On Social Media, Striking Teachers Are Organizing for Themselves
In Kentucky and Oklahoma, thousands of teachers are striking to demand higher pay, better benefits, and more funding for schools. Much of the organizing began online, with teachers using Facebook groups to discuss demands and plan walkouts.
In Oklahoma, the organizing started in March through a Facebook group created by a 25-year-old teacher, Alberto Morejon, and the group now has more than 61,000 members. About 200 of Oklahoma’s 500 districts shut down Monday because of striking teachers across the state. The group helped to unify teachers and created a platform for discussion, which could make rank-and-file union members’ concerns more accessible to union leaders.
After walkouts continued Tuesday, Oklahoma’s three largest districts and some others across the state will remain closed Wednesday for a third day of demonstrations, the Associated Press reported. One state Democratic lawmaker, Collin Walke, told reporters he expects the Republicans will “wait the teachers out,” but the path forward is unclear.
Teachers in Oklahoma and elsewhere are taking a page from West Virginia educators, who relied on Facebook during their statewide 9-day strike earlier this year, which resulted in a 5 percent pay raise for teachers.
West Virginia teacher Erica Newsome said the online group helped create a sense of solidarity among teachers who live in different parts of the state. They used the group, which had more than 24,000 members, to share plans, news, and jokes, according to a BuzzFeed News report.
“West Virginia can be an isolating place,” Newsome told BuzzFeed. “I’m here in southern West Virginia, which is more impoverished than the northern part of the state. But being on Facebook, I’m like, ‘Hey, they’re ticked off at the same stuff as we are. They’re having the same issues, too.’”
Last week, Oklahoma’s Republican-controlled legislature passed a pay raise for teachers that adds up to $6,000, representing about a 16 percent increase, depending on experience. Republican Gov. Mary Fallin signed the package into law, but teachers are demanding a $10,000 increase plus additional funding for schools and higher wages for support staff, The New York Times reported.
In 2016, the average teacher’s salary in Oklahoma ranked 49th nationally at $45,276, according to National Education Association data, which has forced many teachers to work multiple jobs outside the classroom to survive. With the raise past last week, they would have ranked 28th in 2016.
Some teachers emphasize that they aren’t just asking for more pay but more funding for classrooms. In a statement, Oklahoma Education Association President Alicia Priest said of the package, “While this is major progress, this investment alone will not undo a decade of neglect.”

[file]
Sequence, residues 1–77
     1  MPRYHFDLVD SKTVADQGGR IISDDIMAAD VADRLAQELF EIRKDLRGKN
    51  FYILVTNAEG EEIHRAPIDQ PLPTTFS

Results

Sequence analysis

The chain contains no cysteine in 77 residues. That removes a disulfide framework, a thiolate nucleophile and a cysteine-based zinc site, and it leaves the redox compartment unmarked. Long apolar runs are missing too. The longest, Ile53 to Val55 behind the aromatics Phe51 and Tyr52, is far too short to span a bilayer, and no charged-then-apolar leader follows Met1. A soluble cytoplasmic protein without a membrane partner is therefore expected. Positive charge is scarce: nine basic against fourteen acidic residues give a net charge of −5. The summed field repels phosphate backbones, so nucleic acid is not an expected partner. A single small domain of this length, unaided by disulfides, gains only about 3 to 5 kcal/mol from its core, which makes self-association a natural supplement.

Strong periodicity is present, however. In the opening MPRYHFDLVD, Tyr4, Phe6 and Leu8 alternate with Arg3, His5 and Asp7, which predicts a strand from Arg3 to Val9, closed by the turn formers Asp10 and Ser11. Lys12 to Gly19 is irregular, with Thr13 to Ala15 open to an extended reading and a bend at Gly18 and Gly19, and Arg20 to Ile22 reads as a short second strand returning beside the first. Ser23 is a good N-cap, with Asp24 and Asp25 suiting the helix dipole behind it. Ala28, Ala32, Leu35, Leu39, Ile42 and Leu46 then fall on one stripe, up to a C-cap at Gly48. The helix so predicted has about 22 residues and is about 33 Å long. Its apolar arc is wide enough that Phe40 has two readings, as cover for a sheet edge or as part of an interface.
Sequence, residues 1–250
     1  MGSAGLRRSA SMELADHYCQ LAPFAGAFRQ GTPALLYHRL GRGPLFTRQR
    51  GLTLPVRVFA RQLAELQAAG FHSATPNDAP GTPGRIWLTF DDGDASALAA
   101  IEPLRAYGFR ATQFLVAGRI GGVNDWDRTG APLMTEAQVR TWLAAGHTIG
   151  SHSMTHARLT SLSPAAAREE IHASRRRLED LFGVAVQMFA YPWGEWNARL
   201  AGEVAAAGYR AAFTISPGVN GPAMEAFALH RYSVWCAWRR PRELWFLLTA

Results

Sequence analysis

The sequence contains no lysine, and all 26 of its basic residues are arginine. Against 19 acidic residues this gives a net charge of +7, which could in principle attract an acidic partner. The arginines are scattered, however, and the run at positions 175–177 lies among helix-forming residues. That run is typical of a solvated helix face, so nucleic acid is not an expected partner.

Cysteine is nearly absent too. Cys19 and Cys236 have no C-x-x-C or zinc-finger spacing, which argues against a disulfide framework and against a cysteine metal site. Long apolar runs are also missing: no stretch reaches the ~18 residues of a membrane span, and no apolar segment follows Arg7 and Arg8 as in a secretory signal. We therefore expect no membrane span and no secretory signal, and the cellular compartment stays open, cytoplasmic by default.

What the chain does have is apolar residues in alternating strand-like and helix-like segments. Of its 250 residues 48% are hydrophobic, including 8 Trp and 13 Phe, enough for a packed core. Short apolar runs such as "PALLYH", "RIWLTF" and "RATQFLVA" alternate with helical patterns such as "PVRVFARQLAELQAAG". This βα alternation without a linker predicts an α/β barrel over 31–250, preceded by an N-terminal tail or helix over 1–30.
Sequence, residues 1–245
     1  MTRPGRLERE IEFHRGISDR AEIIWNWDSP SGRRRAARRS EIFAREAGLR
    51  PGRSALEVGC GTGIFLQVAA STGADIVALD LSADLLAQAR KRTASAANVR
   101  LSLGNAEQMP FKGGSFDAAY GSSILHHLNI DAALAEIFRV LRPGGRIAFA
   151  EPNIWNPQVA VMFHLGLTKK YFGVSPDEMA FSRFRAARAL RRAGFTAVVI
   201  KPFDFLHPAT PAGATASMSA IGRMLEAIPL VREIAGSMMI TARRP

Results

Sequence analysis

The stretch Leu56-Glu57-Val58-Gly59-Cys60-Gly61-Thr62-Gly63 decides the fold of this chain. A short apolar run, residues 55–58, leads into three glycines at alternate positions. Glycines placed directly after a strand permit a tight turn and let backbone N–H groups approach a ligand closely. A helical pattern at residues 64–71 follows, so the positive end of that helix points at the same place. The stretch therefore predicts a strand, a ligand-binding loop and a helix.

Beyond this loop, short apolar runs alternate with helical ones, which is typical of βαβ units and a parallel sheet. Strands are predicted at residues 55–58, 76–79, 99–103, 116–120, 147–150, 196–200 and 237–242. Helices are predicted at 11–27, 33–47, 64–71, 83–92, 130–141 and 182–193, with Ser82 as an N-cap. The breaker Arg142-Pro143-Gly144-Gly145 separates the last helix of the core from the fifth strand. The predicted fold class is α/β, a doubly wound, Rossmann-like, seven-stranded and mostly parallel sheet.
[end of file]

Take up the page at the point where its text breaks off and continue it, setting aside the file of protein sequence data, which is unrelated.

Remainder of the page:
In Kentucky, pay is a smaller concern. Teachers are protesting a bill that would replace their pensions with retirement plans that combine some traditional pension features with elements of a 401(k) plan, the Times reported. The Republican-controlled state house and senate have passed the bill, but Republican Gov. Matt Bevin has not signed it yet. Many of the teachers picketing in Kentucky are on spring break this week, but about 20 districts slated to be open this week closed because of the strike.
If the wave of teacher organizing continues, Arizona could be next. Teachers there are planning “walk in” demonstrations on April 11 when they will stand outside their schools holding signs before classes start, and they have invited parents to join them. They say they will not disrupt classes but will walk into school together, ABC 15 of Phoenix reported. Republicans control both houses of the legislature in Arizona. The governor has rejected teacher demands for a 20 percent raise, which teachers say would make their salaries competitive with pay in other states. In 2016, average teacher pay in Arizona ranked No. 43 nationally, at $47,218, according to the National Education Association data.
As teachers in red states across the country continue to demand higher pay, education funding is emerging as a key issue for the 2018 midterm elections. Additionally, growing numbers of teachers, particularly from states like Oklahoma that have seen decreased funding for education, are running for office.
“We’re going to have a lot of teachers at the ballot box who I don’t think would normally go in a midterm year,” Arizona teacher Noah Karvelis told The New York Times. “If I were a legislator right now, I’d be honestly sweating bullets.”
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